Here's a note that I sent to some friends, about Obama's support for infanticide when aborted babies come out accidentally alive:

---------- Forwarded message ----------
From: David Burton
Date: Fri, Oct 17, 2008 at 7:41 PM
Subject: Obama and Infanticide

Matthew records that Jesus said, "The King will answer and say to them, 'Truly I say to you, to the extent that you did it to one of these brothers of Mine, even the least of them, you did it to Me.' ...[and] 'Truly I say to you, to the extent that you did not do it to one of the least of these, you did not do it to Me.'"

God also instructed us, "Rescue those being led away to death; hold back those staggering toward slaughter.", and He told the prophet Jeremiah, "Before I formed you in the womb I knew you, And before you were born I consecrated you." 

So, then in light of these passages of scripture, who do you think are the very least of us, who are being led away to slaughter, a million strong every year, in America?

Barack Obama sometimes says what almost all pro-abortion politicians say when speaking to unspecific audiences: that he wants abortion to be "safe, legal and rare," yet he deleted that phrase (or here) from the Democratic Platform.  At the Saddleback Forum, he boasted that he had put a sentence in the Democratic Party Platform expressing support for women who want to carry their babies to term, but failed to mention that he removed from the Platform any suggestion that abortion should be "rare."

What's more, his record shows that he opposes any discouragement of abortion at all, under any circumstance.  He voted against banning partial-birth abortions. He also voted against notifying parents of minors who go out-of-state for abortions to avoid their own State's parental notification law (see  He boasted on his campaign web site of being "a leader in the Illinois legislature in the battle to protect a woman's right to choose" abortion.
Speaking at a Planned Parenthood Action Fund event on July 17, 2007, Obama said that the Supreme Court's Gonzales v. Carhart decision (upholding the ban on partial-birth abortions) was part of a "concerted effort to steadily roll back the hard-won rights of American women."  [That's quoted from his campaign web site.]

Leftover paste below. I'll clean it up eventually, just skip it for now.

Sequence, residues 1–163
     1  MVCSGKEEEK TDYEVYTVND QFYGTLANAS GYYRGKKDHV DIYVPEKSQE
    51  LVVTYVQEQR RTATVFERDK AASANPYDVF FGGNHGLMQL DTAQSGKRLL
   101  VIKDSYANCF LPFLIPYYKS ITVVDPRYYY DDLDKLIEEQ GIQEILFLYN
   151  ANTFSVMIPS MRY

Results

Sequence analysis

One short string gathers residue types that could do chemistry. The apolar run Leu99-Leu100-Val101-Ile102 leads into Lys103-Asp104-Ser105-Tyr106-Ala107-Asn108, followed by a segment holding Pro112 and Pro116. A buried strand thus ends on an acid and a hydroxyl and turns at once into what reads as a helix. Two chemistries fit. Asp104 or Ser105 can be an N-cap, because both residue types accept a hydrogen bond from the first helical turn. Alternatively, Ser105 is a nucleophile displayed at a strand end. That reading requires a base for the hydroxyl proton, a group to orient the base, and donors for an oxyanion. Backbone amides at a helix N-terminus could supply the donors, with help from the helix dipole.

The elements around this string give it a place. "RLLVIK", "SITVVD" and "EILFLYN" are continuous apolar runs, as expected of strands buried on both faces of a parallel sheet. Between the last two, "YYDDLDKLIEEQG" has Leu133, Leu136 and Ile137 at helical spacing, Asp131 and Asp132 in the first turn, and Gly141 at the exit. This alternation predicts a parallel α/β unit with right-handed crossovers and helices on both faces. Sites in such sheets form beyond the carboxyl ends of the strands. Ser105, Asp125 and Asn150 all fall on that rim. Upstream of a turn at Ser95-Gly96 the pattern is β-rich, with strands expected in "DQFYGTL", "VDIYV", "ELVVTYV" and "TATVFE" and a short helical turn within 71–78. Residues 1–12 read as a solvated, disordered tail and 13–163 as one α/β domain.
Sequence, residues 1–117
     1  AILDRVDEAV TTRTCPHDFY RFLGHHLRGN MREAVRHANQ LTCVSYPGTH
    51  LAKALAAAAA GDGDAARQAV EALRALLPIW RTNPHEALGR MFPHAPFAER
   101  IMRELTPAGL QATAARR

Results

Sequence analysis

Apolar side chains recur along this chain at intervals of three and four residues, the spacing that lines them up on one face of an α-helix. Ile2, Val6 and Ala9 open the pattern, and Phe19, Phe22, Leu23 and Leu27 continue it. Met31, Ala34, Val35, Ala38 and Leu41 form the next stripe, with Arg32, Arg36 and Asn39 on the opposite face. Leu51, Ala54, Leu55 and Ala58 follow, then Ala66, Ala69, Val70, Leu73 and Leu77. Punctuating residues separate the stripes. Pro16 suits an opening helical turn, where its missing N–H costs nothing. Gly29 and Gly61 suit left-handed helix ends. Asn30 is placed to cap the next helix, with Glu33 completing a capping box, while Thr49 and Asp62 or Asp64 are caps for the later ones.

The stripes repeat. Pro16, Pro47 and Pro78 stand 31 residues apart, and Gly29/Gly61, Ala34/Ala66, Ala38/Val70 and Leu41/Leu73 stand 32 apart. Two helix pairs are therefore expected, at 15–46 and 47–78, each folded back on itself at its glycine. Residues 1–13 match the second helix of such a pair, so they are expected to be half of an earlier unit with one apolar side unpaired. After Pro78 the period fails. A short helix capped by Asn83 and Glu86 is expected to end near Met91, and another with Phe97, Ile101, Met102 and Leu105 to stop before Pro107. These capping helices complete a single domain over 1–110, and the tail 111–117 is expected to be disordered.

Obama is also a co-sponsor of the so-called Freedom of Choice Act (FOCA), which would abolish almost all constraints on abortion.  It would forbid "right to know / informed consent" laws (which typically require that women be given information about alternatives to abortion at least 24 hours before an abortion is done).  It would forbid parental consent and parental notification laws (which apply when a minor daughter is pregnant and considering abortion).  It would legalize partial-birth abortion (which is now illegal). Obama says that, if elected, one of his first acts as president will be to sign FOCA. (He makes it sound like passage of FOCA by Congress is a done deal; fortunately, that isn't true.)

What's more, as McCain correctly pointed out on Wednesday, Obama defended even infanticide of living, already-born infants, who were born accidentally alive during an attempted abortion.  Despite hearing testimony from a local nurse about how such babies were being purposfully neglected until they died, in Obama's own city of Chicago, he used his authority as a committee chairman to kill a bill which would have protected them.

Read all about it below.

For the babies that our Savior loves,



Obama and Infanticide

by Robert George & Yuval Levin
Oct 16, 2008

Obama's latest excuse for opposing the Illinois Born-Alive Infants Protection Act is that the law was ''unnecessary'' because
babies surviving abortions were already protected. It won't fly.

In last night's presidential debate, Sen. John McCain finally found an opportunity to confront Sen. Barack Obama